The most strident defenders of the Ramsay Centre are equally staunch defenders of the liberal ideas of limitless free speech. Yet, it is clear from Brian Schmidt’s intervention, that the Ramsay Centre itself is not interested in absolute freedom because it took an ‘extraordinarily prescriptive micro-management approach to the proposed program.’ As Schmidt further notes, ‘the Centre has gone so far as to insist on the removal of “academic freedom” as a shared objective for the program.’ This is why it is incumbent upon us as race critical scholars, committed to antiracist practice, decolonisation and Indigenous sovereignty that we also use this space to critically interrogate the left-wing variant of anti-Identity Politics which, as Carolyn D’Cruz puts it in her contribution to this symposium, dovetails with the ideas about free speech coming from the Right.

There are myriad examples of how this is expressed. A case in point might be that of the left-wing journalist, Glenn Greenwald, who wrote the following tweet:

The problem with such a view is that, as commented upon by Zoe Samudzi, it assumes that racism is about morality rather than about the dominance of whites over Black, Indigenous and other racialised people. The moral view of racism sees it as outside of the ‘normal’ realm of politics, as imposed upon the body politic, rather than as integral to the way power is organised in the colonial power matrix. In this perspective, debate can serve to air the immorality of an individual’s racism and either enlighten him/her to the error of their ways, or at least alert a discerning public to the racist nature of the person’s speech. This apolitical perspective denies the extent to which the structural conditions established in a society such as Australia do not facilitate individuals to adjudicate the racism inherent in such views. For example, the prevailing view encouraged by government, the media and education, is that many Aboriginal people are ‘languishing’ on welfare. A liberal perspective on the matter is that, rather than having access to welfare, people should be ‘encouraged’ to work in order to determine the course of their own lives. Someone expressing this position will not automatically be read as racist because there is an absence of literacy about the history of race and colonialism in society that makes it possible to understand the terms in which such arguments are made; it fails to account for structural discrimination in the employment market, let alone long term injustices that began with invasion.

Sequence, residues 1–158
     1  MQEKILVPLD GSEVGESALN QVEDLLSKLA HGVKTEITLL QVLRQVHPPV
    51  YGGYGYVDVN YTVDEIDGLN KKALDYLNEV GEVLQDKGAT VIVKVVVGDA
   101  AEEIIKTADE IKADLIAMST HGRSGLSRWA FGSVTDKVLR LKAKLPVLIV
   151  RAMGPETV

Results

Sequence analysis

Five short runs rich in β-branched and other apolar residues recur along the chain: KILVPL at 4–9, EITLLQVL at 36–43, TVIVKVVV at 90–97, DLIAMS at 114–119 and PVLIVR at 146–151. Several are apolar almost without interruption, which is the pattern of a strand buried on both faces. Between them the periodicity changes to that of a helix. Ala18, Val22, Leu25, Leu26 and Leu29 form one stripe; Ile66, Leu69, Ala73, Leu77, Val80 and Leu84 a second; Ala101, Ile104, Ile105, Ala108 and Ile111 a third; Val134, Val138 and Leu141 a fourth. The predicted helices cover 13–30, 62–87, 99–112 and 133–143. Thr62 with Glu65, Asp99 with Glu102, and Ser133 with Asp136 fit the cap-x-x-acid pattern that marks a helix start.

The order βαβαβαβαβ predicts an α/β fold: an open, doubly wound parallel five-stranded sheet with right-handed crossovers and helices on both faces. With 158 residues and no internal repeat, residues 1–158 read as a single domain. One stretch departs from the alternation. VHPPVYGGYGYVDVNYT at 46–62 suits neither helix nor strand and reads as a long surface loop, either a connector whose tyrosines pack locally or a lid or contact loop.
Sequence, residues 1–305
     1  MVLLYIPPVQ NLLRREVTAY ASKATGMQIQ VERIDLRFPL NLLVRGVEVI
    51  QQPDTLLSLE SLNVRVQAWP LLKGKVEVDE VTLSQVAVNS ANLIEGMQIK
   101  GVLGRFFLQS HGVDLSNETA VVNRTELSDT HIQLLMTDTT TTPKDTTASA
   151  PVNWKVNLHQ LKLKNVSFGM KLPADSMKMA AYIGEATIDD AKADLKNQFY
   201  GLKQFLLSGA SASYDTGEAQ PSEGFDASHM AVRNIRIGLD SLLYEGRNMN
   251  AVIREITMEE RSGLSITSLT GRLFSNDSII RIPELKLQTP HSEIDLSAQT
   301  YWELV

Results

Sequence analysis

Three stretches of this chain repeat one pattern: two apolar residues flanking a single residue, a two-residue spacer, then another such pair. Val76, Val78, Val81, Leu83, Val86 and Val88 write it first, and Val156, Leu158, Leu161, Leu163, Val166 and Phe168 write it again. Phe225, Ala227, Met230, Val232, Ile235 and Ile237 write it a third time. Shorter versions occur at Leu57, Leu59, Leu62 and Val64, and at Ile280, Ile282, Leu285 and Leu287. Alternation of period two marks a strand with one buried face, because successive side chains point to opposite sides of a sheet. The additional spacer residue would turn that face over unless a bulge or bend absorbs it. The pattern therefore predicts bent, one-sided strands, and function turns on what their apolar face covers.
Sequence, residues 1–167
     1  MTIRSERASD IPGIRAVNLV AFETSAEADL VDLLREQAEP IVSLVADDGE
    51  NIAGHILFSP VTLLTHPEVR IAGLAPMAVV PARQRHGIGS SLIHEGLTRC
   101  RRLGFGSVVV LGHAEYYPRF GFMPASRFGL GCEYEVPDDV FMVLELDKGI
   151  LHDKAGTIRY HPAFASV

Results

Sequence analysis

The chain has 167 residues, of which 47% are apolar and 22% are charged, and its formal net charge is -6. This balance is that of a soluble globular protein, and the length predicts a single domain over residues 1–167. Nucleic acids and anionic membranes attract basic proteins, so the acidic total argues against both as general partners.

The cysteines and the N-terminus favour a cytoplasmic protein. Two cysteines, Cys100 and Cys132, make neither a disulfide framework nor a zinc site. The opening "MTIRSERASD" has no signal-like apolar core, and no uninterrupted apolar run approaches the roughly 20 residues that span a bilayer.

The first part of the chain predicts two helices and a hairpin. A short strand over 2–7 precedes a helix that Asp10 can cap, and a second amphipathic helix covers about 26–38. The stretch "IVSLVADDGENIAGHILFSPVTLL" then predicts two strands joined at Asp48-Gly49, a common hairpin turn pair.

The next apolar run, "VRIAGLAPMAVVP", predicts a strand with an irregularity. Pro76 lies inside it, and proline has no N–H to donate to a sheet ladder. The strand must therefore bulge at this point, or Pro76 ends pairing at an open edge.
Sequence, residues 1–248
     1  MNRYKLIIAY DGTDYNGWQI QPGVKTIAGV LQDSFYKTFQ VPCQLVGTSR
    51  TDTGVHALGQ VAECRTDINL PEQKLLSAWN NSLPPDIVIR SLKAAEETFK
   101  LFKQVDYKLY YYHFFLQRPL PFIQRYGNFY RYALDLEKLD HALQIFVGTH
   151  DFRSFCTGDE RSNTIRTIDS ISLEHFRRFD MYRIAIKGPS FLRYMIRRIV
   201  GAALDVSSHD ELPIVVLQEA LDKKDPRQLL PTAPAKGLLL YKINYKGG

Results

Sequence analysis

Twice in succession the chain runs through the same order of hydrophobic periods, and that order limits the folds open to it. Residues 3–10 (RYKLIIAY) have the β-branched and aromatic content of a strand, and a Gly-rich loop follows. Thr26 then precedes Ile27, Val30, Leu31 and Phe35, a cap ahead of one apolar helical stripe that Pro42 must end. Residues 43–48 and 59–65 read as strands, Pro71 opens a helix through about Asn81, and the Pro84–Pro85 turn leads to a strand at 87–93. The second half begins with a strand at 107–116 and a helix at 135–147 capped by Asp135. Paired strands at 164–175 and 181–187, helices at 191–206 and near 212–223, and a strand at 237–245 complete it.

Another left-wing perspective on Identity Politics and ‘political correctness’ (as antiracism is often dismissively called), is that it dilutes the fight against capitalist domination. This is the perspective taken by the left-wing journalist, Jeff Sparrow, in his latest book, Trigger Warnings: political correctness and the rise of the right. Sparrow opposes the concerns of those who he calls ‘ordinary people’ with elites who he sees as having imposed a language of political correctness from on-high with the result of distracting society from the rampant excesses of neoliberal politics.

Sparrow’s analysis mirrors that of German Marxist economist, Wolfgang Streeck, whose article ‘Trump and the Trumpists‘ argued that the Trump vote was a cry for help by a dishonored white working class. Hillary Clinton, Streeck argued, represented a cosmopolitan urban neoliberal elite who are gleeful that Americans are ‘shortly to become a minority in their own land,’ because they are unaffected by the pressures created by outsourcing and undercutting. Trump was successful because he restored honour to these dishonoured Americans.